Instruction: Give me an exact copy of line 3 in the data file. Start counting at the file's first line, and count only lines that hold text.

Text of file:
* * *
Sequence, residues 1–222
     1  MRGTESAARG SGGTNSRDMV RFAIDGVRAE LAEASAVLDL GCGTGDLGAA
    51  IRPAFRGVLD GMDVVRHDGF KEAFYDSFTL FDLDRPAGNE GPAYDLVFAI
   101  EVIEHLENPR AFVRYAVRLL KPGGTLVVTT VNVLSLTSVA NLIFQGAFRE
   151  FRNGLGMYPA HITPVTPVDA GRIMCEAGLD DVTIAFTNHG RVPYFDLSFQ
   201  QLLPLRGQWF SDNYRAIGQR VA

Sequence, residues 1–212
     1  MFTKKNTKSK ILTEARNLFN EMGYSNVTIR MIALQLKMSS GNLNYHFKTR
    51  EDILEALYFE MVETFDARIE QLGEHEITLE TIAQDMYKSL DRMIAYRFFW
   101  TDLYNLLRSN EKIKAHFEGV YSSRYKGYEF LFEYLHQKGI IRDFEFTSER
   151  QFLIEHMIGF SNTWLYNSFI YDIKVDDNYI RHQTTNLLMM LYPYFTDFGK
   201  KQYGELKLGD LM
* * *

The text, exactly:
    51  IRPAFRGVLD GMDVVRHDGF KEAFYDSFTL FDLDRPAGNE GPAYDLVFAI